After months of discussion, the U.S. Department of Housing and Urban Development has agreed to extend Philadelphia Housing Authority's Moving to Work (MTW) agreement for another 10 years. Without the extension of the program, which allows for management and funding flexibility, PHA could have lost tens of millions of dollars needed to continue its housing redevelopment program and to provide critical programs and services to the city's residents.
"The signing of this agreement is critically important to our housing production program," says PHA executive director Carl Greene. "We already have two projects set for next year?Mantua and Warnock Street?but more importantly, it enables us to replace all of our outdated projects over the next 10 years, knowing that we will enjoy the flexibility of the Moving to Work program."
A final agreement on the deal had been delayed for months because of a dispute between PHA and HUD where the federal agency alleged that PHA did not provide adequate accessible housing. Though PHA still maintains it met the fair housing requirements necessary to participate in the MTW program, the two parties signed an agreement on October 16 stating that the housing authority will certify 760 fully accessible housing units by 2013, including 152 by the end of this year. The agreement, which sets aside 5 percent of PHA's housing stock for people with disabilities, allows PHA to stay within the MTW program.
After the agreement was reached, PHA decided to drop its federal court case against HUD, which claimed the accessible housing accusation was a form of retaliation against the authority because it refused to turn land over at a nominal cost to a personal friend of former HUD Secretary Alphonso Jackson. For MFE's original coverage of the scandal, click here.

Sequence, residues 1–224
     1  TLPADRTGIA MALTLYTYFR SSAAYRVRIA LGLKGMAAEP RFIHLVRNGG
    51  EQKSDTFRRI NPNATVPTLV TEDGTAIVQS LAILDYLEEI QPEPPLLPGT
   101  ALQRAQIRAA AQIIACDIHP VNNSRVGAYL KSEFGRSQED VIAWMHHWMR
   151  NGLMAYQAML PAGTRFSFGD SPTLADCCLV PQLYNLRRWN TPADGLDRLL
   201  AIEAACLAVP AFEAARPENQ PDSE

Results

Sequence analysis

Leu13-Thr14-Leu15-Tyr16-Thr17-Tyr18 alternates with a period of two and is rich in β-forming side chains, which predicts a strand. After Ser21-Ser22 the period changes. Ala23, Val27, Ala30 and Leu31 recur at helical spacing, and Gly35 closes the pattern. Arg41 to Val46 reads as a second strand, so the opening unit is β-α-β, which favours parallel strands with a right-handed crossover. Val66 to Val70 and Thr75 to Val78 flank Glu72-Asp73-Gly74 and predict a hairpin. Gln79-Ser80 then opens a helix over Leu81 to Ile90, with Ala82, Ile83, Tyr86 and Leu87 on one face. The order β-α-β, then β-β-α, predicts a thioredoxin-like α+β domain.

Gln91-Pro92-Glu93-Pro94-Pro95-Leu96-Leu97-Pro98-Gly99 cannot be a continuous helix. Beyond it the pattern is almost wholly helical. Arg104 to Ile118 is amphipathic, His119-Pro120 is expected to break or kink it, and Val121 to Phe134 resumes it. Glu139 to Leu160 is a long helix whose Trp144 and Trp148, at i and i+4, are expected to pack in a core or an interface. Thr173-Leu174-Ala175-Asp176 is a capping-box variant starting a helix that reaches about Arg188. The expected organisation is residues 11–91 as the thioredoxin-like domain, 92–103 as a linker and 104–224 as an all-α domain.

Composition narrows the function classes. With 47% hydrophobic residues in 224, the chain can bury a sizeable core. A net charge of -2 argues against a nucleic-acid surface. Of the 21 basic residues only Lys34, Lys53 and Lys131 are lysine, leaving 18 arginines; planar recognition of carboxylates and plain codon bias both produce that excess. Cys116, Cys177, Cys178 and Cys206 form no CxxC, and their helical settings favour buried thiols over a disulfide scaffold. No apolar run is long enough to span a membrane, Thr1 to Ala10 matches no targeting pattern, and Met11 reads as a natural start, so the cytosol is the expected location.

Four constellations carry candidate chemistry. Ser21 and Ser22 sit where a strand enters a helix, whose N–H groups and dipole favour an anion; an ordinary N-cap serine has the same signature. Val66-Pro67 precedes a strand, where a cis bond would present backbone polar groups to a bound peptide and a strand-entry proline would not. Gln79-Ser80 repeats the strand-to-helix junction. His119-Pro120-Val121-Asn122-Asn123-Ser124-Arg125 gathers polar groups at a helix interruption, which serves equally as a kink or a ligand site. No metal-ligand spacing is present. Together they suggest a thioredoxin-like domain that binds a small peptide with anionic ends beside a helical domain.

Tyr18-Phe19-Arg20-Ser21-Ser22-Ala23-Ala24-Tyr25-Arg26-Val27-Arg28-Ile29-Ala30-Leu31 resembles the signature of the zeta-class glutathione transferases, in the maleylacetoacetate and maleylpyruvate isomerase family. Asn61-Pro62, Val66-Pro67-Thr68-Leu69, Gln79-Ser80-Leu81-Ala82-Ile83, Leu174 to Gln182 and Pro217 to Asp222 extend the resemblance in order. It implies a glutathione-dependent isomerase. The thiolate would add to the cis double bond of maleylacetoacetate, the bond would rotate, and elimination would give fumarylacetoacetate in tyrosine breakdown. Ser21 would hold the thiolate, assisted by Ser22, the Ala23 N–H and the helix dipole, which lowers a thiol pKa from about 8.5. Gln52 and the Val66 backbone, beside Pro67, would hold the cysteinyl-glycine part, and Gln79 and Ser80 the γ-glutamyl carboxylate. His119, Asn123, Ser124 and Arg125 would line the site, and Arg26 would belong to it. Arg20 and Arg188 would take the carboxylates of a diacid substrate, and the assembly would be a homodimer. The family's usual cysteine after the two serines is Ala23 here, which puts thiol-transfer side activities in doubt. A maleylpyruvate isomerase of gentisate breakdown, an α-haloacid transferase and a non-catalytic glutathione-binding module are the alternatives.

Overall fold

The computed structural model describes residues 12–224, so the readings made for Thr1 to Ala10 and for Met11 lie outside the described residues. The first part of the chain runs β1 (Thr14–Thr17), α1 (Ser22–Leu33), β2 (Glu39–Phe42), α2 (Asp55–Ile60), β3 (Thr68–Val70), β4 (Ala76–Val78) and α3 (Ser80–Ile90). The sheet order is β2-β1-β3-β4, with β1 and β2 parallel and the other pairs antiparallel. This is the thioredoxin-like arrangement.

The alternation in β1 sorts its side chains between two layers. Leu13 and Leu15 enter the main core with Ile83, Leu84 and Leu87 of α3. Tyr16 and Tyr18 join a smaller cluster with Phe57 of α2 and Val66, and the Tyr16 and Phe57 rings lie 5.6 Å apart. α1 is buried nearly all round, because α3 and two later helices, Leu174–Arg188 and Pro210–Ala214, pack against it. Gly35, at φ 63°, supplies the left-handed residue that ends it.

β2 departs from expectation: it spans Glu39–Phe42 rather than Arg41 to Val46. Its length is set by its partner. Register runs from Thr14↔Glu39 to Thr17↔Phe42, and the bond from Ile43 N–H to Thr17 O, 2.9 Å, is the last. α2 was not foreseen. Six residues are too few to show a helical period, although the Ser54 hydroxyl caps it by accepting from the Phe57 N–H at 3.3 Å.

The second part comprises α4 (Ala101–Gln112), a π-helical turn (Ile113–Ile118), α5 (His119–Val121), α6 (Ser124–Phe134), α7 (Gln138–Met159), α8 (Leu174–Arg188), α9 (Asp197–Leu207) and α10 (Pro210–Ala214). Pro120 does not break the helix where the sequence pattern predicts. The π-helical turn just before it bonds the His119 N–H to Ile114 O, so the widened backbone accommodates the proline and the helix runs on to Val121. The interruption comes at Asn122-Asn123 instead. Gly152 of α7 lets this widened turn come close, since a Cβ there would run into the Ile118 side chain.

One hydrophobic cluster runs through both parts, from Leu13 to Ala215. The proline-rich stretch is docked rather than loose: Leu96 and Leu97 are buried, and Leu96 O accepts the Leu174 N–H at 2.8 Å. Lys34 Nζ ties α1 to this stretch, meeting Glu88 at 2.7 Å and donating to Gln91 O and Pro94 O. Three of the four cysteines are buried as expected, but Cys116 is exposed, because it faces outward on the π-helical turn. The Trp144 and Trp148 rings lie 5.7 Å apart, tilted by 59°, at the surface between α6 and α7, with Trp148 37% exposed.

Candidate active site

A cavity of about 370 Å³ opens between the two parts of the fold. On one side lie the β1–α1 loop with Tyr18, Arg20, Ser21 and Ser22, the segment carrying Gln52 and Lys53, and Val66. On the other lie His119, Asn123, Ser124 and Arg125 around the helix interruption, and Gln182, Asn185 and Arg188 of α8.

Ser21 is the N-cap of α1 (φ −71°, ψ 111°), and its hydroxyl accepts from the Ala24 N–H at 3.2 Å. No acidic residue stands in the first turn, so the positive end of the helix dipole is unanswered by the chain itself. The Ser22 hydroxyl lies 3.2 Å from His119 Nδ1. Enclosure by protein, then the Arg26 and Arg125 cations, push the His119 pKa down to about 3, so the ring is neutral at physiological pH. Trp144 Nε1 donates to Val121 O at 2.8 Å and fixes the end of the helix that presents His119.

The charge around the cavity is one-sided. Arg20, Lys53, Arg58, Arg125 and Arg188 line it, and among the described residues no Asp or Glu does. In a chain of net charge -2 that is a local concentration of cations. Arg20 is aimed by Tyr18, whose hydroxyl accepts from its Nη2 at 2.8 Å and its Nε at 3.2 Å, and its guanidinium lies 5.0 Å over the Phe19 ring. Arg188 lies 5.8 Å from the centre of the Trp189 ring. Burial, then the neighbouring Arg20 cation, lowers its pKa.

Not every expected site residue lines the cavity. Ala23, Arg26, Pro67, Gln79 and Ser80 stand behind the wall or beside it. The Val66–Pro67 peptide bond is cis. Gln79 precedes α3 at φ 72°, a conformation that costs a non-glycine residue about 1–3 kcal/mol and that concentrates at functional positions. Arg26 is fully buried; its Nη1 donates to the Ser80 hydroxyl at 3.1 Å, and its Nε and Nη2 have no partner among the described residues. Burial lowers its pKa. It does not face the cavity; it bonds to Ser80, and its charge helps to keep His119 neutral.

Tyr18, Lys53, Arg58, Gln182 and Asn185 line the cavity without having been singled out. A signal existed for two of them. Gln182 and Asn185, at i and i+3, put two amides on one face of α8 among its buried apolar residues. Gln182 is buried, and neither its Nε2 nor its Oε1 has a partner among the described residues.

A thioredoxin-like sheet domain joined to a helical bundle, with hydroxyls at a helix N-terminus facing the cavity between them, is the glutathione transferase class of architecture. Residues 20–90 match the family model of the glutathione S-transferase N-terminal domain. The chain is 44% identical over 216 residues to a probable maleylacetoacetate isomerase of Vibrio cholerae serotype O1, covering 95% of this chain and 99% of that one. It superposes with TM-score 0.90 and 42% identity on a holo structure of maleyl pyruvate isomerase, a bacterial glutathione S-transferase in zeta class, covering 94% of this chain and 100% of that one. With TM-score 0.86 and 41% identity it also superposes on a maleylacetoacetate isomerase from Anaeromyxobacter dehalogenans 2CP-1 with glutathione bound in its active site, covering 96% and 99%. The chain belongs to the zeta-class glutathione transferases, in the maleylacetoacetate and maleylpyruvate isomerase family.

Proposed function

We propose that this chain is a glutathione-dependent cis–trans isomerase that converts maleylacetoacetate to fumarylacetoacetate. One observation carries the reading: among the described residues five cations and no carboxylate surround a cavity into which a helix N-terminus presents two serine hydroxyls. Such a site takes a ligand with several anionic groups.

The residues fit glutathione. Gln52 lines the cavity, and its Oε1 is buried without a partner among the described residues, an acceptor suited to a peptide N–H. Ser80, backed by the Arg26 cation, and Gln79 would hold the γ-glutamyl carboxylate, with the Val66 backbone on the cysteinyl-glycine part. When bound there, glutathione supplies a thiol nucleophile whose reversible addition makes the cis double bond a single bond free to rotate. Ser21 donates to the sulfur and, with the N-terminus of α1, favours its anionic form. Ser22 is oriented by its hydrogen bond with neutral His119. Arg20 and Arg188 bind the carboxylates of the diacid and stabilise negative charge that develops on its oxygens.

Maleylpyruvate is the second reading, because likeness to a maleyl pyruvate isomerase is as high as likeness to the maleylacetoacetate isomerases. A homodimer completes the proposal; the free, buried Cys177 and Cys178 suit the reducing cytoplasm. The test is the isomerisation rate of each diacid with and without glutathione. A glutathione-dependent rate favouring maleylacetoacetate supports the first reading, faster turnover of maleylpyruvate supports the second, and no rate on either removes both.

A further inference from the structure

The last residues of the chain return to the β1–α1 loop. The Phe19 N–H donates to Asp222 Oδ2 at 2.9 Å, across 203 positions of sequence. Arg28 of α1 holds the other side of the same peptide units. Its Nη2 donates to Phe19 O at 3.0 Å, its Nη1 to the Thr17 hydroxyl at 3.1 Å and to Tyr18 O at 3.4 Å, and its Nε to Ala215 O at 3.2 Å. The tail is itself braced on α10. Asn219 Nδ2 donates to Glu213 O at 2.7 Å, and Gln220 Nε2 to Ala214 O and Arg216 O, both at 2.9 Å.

Senators Arlen Specter (R-Pa.) and Bob Casey (D-Pa.) played a critical role in helping the two agencies reach an agreement. The senators urged HUD Secretary Steve Preston, who officially replaced Jackson in June, to help settle the dispute for the sake of Philadelphia's 84,000 public housing residents. "When Mr. Preston was confirmed, it became one of his top priorities," says Jereon Brown, HUD's deputy assistant secretary for the office of public affairs. "He asked that everyone remove the personalities from the table and focus on the 5 percent accessibility issue and the best way to get there. For Philadelphia families needing affordable and accessible housing, the resolution is a big win."
Specifically, the MTW program allows PHA to use funds from the Housing Choice Voucher program for other purposes, such as building new affordable housing; providing training for low-income residents; and investing in technology and other innovative programs that have allowed the authority to reduce its workforce from 2,500 in 2000 to 1,130 today while still serving more families.
Former HUD Assistant Secretary Orlando Cabrera, who resigned in January, sees the new agreement as a definite positive. "I hope PHA continues to use their MTW status well, and I'm glad that they are keeping their commitment to comply with fair housing laws."